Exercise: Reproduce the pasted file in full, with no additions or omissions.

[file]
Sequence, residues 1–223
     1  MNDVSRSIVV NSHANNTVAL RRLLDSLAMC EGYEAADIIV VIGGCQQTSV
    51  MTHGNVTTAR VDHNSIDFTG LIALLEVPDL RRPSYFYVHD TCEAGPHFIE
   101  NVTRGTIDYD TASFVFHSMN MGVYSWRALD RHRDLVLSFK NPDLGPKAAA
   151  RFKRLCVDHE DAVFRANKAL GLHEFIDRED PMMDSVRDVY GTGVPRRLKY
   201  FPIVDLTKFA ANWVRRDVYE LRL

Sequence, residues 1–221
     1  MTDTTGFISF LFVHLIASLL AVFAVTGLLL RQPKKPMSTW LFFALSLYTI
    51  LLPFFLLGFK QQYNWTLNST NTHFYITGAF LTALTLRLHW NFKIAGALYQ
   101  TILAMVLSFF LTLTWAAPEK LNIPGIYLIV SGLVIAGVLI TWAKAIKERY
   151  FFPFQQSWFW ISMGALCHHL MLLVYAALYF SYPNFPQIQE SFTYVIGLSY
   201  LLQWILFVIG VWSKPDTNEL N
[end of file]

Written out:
Sequence, residues 1–223
     1  MNDVSRSIVV NSHANNTVAL RRLLDSLAMC EGYEAADIIV VIGGCQQTSV
    51  MTHGNVTTAR VDHNSIDFTG LIALLEVPDL RRPSYFYVHD TCEAGPHFIE
   101  NVTRGTIDYD TASFVFHSMN MGVYSWRALD RHRDLVLSFK NPDLGPKAAA
   151  RFKRLCVDHE DAVFRANKAL GLHEFIDRED PMMDSVRDVY GTGVPRRLKY
   201  FPIVDLTKFA ANWVRRDVYE LRL

Sequence, residues 1–221
     1  MTDTTGFISF LFVHLIASLL AVFAVTGLLL RQPKKPMSTW LFFALSLYTI
    51  LLPFFLLGFK QQYNWTLNST NTHFYITGAF LTALTLRLHW NFKIAGALYQ
   101  TILAMVLSFF LTLTWAAPEK LNIPGIYLIV SGLVIAGVLI TWAKAIKERY
   151  FFPFQQSWFW ISMGALCHHL MLLVYAALYF SYPNFPQIQE SFTYVIGLSY
   201  LLQWILFVIG VWSKPDTNEL N